Malawian Grandmother Takes on the Role of a Lifetime

Eburke

Eileen Burke, Save the Children, Director of Media & Communications

Westport, CT

Wednesday, December 22, 2010

 

This post originally appeared on the Healthy Newborn Network

 ____

I read this week that the Associated Press named 88-year-old Betty White 2010 Entertainer of the Year, another honor to add to her long list of accolades as chief comedian. Approaching her ninth decade of life, the beloved Betty shows no signs of slowing down.

I was reminded of a similarly spry octogenarian whom I met in September 2009 during a visit to Save the Children’s health programs in Ekwendeni District in Malawi. Faida Simeza, age 89 (according to voter registration records in her possession), decided late in life to take on a new role as caretaker to moms and newborn babies in her village. It all began one day four years prior when a health worker came to her village to enlist grandmothers and grandfathers (known locally as agogos) in a new training program to help mothers and babies survive pregnancy and childbirth. “I had lived here long enough and had seen so many problems with mothers and newborns. I decided I had to go and find out more,” she told me.

Through the program, agogos are trained to counsel mothers through home visits on proper care during pregnancy and before and after childbirth. They also learn how to alter cultural practices that may be carried out with good intentions but are harmful. Sitting on straw mats under a canopy of trees, Faida and a group of agogos shared some of the changes they had made since the training. “Don’t feed ashes to a woman to speed up labor.” “Don’t apply rat feces to a child’s cord.” and “Don’t place a newborn baby on a banana leaf on the ground – he will get hypothermia.”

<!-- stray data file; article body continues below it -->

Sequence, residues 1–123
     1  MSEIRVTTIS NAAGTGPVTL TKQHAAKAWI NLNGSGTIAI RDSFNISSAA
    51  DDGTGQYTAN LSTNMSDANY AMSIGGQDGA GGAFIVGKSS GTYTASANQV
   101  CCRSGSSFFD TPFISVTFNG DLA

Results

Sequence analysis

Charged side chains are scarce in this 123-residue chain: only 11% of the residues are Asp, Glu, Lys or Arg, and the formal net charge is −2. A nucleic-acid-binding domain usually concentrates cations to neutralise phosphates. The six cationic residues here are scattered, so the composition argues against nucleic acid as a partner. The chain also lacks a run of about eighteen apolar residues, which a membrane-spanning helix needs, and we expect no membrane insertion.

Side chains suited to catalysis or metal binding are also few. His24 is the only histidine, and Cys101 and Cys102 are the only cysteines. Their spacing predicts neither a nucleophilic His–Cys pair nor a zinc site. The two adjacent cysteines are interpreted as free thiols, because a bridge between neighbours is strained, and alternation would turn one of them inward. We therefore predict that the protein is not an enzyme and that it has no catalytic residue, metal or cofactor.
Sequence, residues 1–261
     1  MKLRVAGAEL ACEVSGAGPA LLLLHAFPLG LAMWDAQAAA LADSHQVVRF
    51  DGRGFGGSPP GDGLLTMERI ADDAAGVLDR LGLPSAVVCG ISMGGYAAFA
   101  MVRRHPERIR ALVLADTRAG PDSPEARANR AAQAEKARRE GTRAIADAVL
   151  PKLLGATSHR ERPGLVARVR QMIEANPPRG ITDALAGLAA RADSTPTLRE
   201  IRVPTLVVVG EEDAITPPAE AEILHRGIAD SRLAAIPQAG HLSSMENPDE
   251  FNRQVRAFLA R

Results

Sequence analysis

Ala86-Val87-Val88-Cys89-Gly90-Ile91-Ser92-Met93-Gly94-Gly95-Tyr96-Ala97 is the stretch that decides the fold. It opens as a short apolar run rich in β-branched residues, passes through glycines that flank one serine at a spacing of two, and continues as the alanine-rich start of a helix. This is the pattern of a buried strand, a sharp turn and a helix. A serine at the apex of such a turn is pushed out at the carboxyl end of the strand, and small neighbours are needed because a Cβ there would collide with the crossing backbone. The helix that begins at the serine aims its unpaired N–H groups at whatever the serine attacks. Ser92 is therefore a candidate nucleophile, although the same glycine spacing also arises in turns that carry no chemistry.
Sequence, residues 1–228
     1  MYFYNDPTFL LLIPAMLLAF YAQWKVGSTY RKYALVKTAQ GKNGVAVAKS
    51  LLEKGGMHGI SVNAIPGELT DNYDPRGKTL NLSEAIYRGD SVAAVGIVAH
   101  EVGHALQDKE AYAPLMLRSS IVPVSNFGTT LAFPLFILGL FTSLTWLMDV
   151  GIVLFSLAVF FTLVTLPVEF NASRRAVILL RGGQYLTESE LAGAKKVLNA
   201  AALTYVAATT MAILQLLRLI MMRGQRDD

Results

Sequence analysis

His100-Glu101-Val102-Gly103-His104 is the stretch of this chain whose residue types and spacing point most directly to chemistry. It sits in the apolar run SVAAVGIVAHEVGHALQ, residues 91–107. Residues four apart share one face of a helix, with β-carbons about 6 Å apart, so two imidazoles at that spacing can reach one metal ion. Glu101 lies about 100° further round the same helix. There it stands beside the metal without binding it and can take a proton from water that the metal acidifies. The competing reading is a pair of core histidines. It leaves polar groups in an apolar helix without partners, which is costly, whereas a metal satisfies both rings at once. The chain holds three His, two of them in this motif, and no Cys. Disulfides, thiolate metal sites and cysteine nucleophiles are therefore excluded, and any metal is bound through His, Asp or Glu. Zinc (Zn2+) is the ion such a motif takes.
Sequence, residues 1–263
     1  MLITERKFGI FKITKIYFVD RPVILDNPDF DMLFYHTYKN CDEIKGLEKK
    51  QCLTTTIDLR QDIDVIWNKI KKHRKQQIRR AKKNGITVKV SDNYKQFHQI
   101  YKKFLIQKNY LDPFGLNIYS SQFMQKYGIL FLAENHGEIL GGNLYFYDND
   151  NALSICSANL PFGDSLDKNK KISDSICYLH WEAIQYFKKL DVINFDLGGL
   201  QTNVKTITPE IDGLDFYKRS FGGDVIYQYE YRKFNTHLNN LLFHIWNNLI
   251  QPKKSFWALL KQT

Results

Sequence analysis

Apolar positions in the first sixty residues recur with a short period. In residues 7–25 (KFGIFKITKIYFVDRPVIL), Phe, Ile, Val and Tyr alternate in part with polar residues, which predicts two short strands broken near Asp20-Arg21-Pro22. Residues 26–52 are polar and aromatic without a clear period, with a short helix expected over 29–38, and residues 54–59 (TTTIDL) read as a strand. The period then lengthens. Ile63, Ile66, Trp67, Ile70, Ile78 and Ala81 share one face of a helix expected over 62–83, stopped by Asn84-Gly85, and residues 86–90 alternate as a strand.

Eburke blog

In her role as an agogo, Faida (above) visits Lucy and her one-day-old baby at home.

Faida, though illiterate, works with the local public health officer to meticulously record her visits with women and babies in a book that is kept by the village chief. Since she finished her training, she has helped with the delivery and care of 10 healthy newborn babies in her village.

She will never get Hollywood awards for her role as an “agogo” in her village. But for Faida, walking around her village and seeing babies alive today because of her training is reward enough.

_______

Eileen Burke visited Ekwendeni last year to help film the Living Proof Agogo VideoRead the recent report on the Ekwendeni Agogo Approach, which includes the training manual and qualitative assessment report.